NIH clinical trial to test antibodies and other therapeutics for COVID-19

Aug. 5, 2020

A Phase 2 clinical trial will evaluate the safety and efficacy of potential new therapeutics for COVID-19, including an investigational therapeutic based on synthetic monoclonal antibodies (mAbs) to treat the disease, according to a press release from the National Institutes of Health (NIH).

Researchers sponsored by the National Institute of Allergy and Infectious Diseases (NIAID), part of NIH, are working with clinical sites to identify potential patient volunteers currently infected with SARS-CoV-2, the virus which causes COVID-19, who have mild to moderate disease not requiring hospitalization. They will be invited to take an experimental therapy or a placebo as part of a rigorously designed randomized clinical trial. The trial, which is known as ACTIV-2, also may investigate other experimental therapeutics later under the same trial protocol.

If the investigational mAbs show promise, the study would expand from a Phase 2 to a Phase 3 trial to gather additional critical data from a larger pool of volunteers without delay. The trial will be led by the NIAID-funded AIDS Clinical Trials Group (ACTG) and will enroll participants at sites around the world.

ACTIV-2 was established as part of NIH's Accelerating COVID-19 Therapeutic Interventions and Vaccines a public-private partnership program instituted to speed development of the most promising treatments and vaccines. The design of the study is adaptive to enable maximum flexibility in the shortest time frame. If the experimental treatment appears effective in the first stage, the treatment can be advanced rapidly to testing in larger groups of volunteers. The study also can be adapted to test additional therapeutics.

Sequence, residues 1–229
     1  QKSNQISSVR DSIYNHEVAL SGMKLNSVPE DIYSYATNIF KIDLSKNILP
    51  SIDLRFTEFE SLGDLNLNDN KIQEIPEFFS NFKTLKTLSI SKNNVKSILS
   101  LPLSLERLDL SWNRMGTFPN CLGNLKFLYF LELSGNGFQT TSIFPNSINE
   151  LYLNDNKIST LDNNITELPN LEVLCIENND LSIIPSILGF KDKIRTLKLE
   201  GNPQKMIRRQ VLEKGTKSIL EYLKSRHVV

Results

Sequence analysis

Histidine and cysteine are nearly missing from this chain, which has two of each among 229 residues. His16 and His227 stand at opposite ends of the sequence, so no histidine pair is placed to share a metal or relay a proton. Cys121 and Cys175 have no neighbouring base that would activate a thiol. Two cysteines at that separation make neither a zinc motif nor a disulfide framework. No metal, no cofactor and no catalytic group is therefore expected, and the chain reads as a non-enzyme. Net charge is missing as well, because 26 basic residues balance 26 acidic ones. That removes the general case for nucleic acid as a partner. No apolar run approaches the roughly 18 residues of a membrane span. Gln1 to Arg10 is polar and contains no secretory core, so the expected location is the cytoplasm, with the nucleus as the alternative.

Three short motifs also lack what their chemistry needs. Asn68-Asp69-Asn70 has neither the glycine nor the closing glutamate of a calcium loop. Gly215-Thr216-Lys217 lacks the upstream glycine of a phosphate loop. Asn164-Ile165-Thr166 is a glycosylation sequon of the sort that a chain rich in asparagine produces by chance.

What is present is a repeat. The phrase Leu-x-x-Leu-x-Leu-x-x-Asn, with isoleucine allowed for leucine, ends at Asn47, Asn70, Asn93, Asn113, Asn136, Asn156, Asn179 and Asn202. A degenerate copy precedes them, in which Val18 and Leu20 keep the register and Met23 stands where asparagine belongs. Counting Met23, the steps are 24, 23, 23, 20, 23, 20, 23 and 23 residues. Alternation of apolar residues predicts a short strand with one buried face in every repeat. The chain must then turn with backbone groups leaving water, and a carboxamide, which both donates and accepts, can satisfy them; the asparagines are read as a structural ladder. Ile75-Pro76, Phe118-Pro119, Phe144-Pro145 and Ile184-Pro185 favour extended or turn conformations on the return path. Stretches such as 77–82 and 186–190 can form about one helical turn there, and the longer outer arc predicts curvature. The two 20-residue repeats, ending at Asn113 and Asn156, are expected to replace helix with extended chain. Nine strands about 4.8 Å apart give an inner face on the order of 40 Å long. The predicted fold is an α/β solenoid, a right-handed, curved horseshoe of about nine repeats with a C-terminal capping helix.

The first therapeutic to be tested in this trial will be LY-CoV555, an investigational monoclonal antibody made by Eli Lilly and Company, Indianapolis, Indiana. LY-CoV555 emerged from Lilly's collaboration with AbCellera Biologics, Vancouver, British Columbia. Antibodies are infection-fighting proteins produced by immune cells. So-called neutralizing antibodies target specific viruses or other pathogens. This antibody, which was discovered by AbCellera in collaboration with NIAID's Vaccine Research Center, was isolated from a blood sample from a recovered COVID-19 patient. Copies of this antibody were then synthesized in a lab-the term "monoclonal" refers to these laboratory-manufactured antibodies.

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